Are Monarchs Safe?

Monarch Butterfly photographed by Jeff Zablow at Raccoon Creek State Park. Jeff blogs about the art and science of butterflies at

We’ve fretted for years, concerned that the numbers of Monarch butterflies was plummeting to crisis numbers. Up and down they went, and all of us kept our eyes and hearts peeled, awaiting credible reports back from the mysterious mountains in central Mexico. Just the realization, so recent for so many of us, that Monarchs had to travel to the east most USA from that far! made us cringe!

So here we are in September 2018. Many of us are sharing rich, beautiful images of Monarchs seen in our gardens, parks and roadsides, just these last weeks. Seeing them as if their numbers are good, strong.

Here in central Georgia, I’ve seen multiple Monarchs flying in my garden at the same time. That’s a whole lot better than I saw in this area in 2015, 2016 and 2017. Females have been laying eggs on my Asclepias (milkweeds) by the dozens. Several dozen have enclosed (safely left chrysalis and flown) these last weeks. Yippee!

This male on Joe Pye in Raccoon Creek State Park in Southwestern Pennsylvania.

Can we rest assured that for the meantime, Monarchs are safe? Virginia? Monarchmama? Curt? Phil? Marcie? Jeff (Jamestown, NY)?


Miracle at Jamestown NY

Monarch Butterfly, photographed by Jeff Zablow at Raccoon Creek State Park in Pennsylvania

Hadn’t seen a Monarch any of those several days spent in the Jamestown, New York area. Some east of Erie, New York, these July ’16 days were sunny and comfortably hot. Petra and I were happily housed in a neat cabin in Frewsburg, surrounded by hundreds of blueberry bushes in full, glorious fruit. Horses across the road, farm field abutting us, and birds about, galore.

That week we visited that hidden, basically secret acid bog, and were greeted by a flying squad of rare Bog Copper butterflies, amidst pitcher plants, sundew and native wild cranberry. We went to other wildlife hotspots, but the crown jewel of them all was the reserve at Jamestown Audubon Center. The wildlife greet you there and if that’s not enough, the friendliest , most helpful nature center staff existent, make it a . . . destination.

Working the trails at the Jamestown AC. I saw Baltimore Checkerspot butterflies, Eyed Brown Butterflies, Eastern Tailed-Blue butterflies, Great Spangled Fritillaries and much more, but . . . not a Monarch to be seen.

When I followed a Jamestown AC trail through a wetland, I looked down to the swampy habitat, and set my sights on a Swamp Milkweed plant, looking lush and in full, luxuriant bloom. Then, Battlestations! A Monarch flew in, and went straight, straight to the milkweed. A FEMALE!

I practically dived over the low rail bordering the trail, and fought gravity, which . . . sought to make me tumble over!! Brooklyn boy kept his balance (grad of OCS! too), and that whole ¾ of a second, I was praying internally, don’t fly, don’t fly!!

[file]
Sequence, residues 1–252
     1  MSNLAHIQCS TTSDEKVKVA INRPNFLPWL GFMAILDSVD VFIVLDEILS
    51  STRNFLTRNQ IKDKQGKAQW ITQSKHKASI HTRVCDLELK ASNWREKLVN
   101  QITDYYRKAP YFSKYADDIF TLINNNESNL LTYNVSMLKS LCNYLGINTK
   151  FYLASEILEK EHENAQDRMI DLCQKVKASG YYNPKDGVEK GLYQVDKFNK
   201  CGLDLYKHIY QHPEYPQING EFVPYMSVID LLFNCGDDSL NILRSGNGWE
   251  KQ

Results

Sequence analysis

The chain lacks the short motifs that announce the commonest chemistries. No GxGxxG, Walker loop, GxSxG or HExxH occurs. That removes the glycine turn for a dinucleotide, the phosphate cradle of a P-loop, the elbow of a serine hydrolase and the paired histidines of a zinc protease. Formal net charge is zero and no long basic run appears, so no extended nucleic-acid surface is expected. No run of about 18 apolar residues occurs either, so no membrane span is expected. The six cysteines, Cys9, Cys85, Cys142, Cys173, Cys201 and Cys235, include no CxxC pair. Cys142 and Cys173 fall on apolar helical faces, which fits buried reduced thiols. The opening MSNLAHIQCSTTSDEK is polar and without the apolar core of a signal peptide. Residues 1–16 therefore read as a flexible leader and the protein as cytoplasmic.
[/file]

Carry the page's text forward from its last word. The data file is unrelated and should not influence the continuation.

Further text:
It was dark there, and I had no time to adjust my manual settings. OMG!!! She was not nectaring . . . . She was fresh, Shmeksy! and she was laying an egg, Ovipositing. Totally excited for a guy who has seen so much in his life, totally. Would she allow me to shoot her out, would she stay, would I have enough light, Oh, so many “would she’s!”

So please, give me a little license here to share, a not exactly perfect shot. Understand how much drama and suspense this image retains for me. Who said doing this is not FuN???


10 Reasons for the absence of Monarchs in 2013

Monarch butterfly photographed by Jeff Zablow at Phipps Conservatory, Pittsburgh, PA

What are 10 reasons for the absence of Monarchs (Danaus p.) in 2013?



Identifying Male Monarch Butterflies

Monarch butterfly photographed by Jeff Zablow at Raccoon Creek State Park

Monarch butterfly photographed by Jeff Zablow at Raccoon Creek State Park

You will always be asked, “How can you tell whether a Monarch Butterfly is a male or a female?” It is asked each and every time I show photographs before groups of adults and children.

It’s August 17th and this butterfly is resting on a Common milkweed leaf (Asclepias Syriaca) at Raccoon Creek State Park in Hookstown,  Pennsylvania.

This powerfully built butterfly demonstrates how to discern the sex of male and female Monarchs. Do you see that black patch on his left hindwing vein? Only males have these scent glands, one on each hindwing. If you see a Monarch and it doesn’t have two black scent patches, it’s a female. If it does have a black scent patch on each hindwing, it’s a male.

2013 has got to be a bummer for male Monarchs. With so few females about in the 48 continental U.S. states, males have more than the usual patrolling to do to find a mate, and begin the Monarch butterfly life cycle all over again. No time to waste!


How Does a Monarch Butterfly Keep its Wings Intact?

Monarch butterfly photographed at Raccoon Creek State Park, PA

The Monarch is the butterfly that almost everyone can identify. They earn the broad recognition and respect that we give them for the monarch caterpillar and chrysalis life cycle.

This female Monarch is nectaring on Joe Pye weed flowers and she is in full regalia. The orange that she is showing us confirms that she is ‘fresh’ and it’s an important means of quickly identifying her as a Monarch. No less striking are the bright white splashes found on her head, thorax and abdomen.

It’s no surprise that we’ve included several photos of Monarchs along with caterpillar and pupae. Their beauty and pluck fascinate us.

They are strong fliers and not easily approached…unless they are hungry. This one was and that’s why I was able to capture so much of its striking detail.

How has she been able to keep her wings intact, despite all of the the predators and dangers of her surroundings?